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A Navy Times article quotes a Department of Veterans Affairs (VA) official, David McLenachen, VA's Director of Pension and Fiduciary Service, who represented the agency at the hearing HR 672, or The Ruth Moore Act. VA, he says, rejects the the bill because

veterans who file sexual trauma-related claims are “given a full and fair opportunity to have their claim considered,” [but] McLenachen said VA would like higher thresholds for evidence.
Such a position conflicts with a major goal of the bill, according to Rep. Chellie Pingree (D-Maine), who sponsors the legislation. Named for a Navy veteran who fought for 23 years to receive disability compensation for PTSD after being raped twice during her military service, the Act's intent runs precisely counter to McLenachen's claim that what's required are more stringent regulations. According to Rep. Pringree,
“VA will tell you that their system accepts secondary markers as evidence to verify an assault occurred,” she said. “As comforting as that sounds, we have seen time and time again that VA is vastly inconsistent in applying those standards. What one regional office will accept as proof, another will deny.

“The bottom line is that for too long the burden of proof has been on the veteran, and that needs to change now.”

As is too often the case, VA's official position conflicts with that of every major Veterans Support Organization (VSO). The American Legion, Veterans of Foreign Wars, Disabled American Veterans, and Iraq and Afghanistan Veterans of America all strongly support HR 672 and S 294, a similar bill in the Senate. In an FY 11 Defense Department (DoD) report conducted by the Sexual Assault Prevention and Response Office (SAPRO), researchers looked at 1,612 investigations of Military Sexual Assault (MSA). In this case, a single investigation can involve multiple cases of sexual assault. Among these investigations, 88 percent of the victims were female and 12 percent were male; most victims were in the junior enlisted ranks (63 percent); and most were less than 24 years of age. Nearly 90 percent of the MSA perpetrators were male, about half from the junior enlisted ranks, with senior enlisted, officers, civilians and "unknown" perpetrators making up the rest. In this case, it is suggestive that MSA victims concentrate among younger, mostly female, junior enlisted service members. Those with less power or voice within the organization or system would appear to be more frequently victims of assault and have less access to protection or redress of concerns.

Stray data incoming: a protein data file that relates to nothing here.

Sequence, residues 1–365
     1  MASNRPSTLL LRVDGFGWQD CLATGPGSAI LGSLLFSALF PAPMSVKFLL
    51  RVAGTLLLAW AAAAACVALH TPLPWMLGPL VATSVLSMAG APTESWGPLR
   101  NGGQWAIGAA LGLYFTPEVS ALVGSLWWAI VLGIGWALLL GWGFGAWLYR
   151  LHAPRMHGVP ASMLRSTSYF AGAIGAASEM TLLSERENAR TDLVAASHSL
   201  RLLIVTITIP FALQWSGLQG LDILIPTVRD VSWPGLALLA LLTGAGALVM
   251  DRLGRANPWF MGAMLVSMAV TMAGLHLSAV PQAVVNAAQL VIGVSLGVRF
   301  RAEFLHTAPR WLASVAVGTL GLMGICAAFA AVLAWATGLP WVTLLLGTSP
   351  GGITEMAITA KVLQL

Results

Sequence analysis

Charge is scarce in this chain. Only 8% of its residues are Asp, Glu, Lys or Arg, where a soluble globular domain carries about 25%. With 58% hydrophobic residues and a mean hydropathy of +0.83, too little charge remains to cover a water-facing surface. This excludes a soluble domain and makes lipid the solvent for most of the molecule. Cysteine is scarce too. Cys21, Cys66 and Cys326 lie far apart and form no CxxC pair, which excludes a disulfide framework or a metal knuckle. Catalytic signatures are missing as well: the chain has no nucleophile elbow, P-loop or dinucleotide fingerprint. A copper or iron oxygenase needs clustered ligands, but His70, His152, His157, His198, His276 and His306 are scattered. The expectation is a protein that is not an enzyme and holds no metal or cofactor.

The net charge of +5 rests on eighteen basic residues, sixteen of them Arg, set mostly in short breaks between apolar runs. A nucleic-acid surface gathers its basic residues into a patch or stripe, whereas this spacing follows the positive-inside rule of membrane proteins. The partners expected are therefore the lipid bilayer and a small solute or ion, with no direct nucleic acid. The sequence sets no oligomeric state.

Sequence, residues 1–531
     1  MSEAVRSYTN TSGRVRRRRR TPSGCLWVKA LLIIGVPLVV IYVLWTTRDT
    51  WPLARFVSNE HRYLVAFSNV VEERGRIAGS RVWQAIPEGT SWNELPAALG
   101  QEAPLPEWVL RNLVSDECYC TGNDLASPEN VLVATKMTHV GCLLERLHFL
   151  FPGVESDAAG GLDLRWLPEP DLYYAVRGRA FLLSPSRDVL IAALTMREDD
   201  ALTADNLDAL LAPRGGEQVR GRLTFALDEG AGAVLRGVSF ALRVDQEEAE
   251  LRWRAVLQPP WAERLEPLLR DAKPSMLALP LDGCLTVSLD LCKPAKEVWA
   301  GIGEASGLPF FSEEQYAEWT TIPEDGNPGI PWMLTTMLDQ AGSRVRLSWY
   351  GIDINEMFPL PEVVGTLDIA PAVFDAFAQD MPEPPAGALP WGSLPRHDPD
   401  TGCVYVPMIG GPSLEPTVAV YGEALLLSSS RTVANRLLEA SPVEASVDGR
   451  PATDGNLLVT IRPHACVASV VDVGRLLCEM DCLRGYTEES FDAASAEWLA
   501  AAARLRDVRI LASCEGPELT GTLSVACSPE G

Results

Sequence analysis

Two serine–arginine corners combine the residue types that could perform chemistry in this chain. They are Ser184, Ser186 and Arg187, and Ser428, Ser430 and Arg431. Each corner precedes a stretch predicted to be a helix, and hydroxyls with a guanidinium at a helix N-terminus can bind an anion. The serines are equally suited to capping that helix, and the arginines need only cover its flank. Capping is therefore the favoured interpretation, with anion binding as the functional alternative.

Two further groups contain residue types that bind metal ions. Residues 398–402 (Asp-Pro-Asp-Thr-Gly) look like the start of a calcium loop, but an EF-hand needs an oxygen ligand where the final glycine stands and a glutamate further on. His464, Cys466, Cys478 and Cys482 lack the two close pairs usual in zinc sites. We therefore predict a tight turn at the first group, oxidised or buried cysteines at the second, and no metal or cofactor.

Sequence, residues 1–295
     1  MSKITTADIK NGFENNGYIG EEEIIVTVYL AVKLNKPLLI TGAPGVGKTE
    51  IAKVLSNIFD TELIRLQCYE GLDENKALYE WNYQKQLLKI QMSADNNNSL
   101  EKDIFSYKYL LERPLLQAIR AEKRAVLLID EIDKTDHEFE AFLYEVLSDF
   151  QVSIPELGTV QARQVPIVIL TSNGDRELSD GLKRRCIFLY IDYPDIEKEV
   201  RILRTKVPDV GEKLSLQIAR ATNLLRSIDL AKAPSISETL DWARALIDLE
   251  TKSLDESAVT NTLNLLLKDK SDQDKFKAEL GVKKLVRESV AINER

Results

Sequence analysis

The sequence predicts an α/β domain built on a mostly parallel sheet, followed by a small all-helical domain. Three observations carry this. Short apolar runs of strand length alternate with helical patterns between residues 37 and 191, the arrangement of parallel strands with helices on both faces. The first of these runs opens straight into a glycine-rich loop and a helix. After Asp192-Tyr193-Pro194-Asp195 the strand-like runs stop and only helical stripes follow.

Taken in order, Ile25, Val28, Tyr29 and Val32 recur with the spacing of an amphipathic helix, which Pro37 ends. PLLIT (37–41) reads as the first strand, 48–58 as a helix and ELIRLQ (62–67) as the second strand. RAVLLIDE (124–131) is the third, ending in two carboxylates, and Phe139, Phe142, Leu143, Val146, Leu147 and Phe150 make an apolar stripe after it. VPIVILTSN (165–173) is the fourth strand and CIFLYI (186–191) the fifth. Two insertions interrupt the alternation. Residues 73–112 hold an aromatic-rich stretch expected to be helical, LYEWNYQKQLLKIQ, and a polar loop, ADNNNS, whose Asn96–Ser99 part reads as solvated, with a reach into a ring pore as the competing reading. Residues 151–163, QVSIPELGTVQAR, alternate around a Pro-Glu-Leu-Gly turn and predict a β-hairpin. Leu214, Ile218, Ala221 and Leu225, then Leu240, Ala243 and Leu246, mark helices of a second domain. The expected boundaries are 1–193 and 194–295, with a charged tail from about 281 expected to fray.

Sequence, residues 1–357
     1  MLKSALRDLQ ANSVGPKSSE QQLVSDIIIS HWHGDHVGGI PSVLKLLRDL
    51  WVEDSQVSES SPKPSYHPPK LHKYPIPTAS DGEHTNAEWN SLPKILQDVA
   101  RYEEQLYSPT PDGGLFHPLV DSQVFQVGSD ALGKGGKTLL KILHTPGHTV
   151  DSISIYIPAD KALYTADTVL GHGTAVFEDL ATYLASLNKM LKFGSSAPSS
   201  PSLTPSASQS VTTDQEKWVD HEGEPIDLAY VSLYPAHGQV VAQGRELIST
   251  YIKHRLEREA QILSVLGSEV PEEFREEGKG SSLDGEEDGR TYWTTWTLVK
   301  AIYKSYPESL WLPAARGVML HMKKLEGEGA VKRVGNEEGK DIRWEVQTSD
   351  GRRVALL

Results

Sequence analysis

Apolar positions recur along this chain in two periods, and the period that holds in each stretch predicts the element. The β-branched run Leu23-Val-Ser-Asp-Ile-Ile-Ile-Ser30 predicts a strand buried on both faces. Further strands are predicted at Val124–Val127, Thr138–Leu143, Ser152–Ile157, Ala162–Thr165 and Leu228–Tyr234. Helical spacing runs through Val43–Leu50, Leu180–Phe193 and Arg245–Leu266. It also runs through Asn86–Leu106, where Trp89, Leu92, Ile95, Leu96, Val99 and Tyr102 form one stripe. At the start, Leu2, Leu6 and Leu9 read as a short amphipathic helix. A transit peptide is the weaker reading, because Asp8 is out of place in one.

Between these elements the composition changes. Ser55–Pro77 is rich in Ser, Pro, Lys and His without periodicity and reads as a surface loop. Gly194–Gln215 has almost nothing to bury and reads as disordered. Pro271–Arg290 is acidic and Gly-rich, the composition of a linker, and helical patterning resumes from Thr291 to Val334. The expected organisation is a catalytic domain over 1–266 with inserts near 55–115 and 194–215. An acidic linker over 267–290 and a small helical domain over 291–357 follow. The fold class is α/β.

Fortunately, more courageous voices than McLenachen's echoed through the hearing room from among those enlisted "victims." Those  individuals' experiences speak volumes. One of them, SGT Rebecca Harvilla, was the only female member of a bomb squad serving in eastern Afghanistan. If serving in a combat zone, in an extremely dangerous military occupational specialty (MOS) were not enough to contribute to a future diagnosis of PTSD (or much worse), consider constant fear of her own "battle-buddies," her comrades in arms. "The rape," she said, "was the 'ironic icing on the cake.'"

What started in basic training in January of 2004 with sexual jokes, innuendoes and simulated sexual play escalated to groping, slapping, harassment and ultimately ended with a rape before she left Afghanistan in September 2009, she said.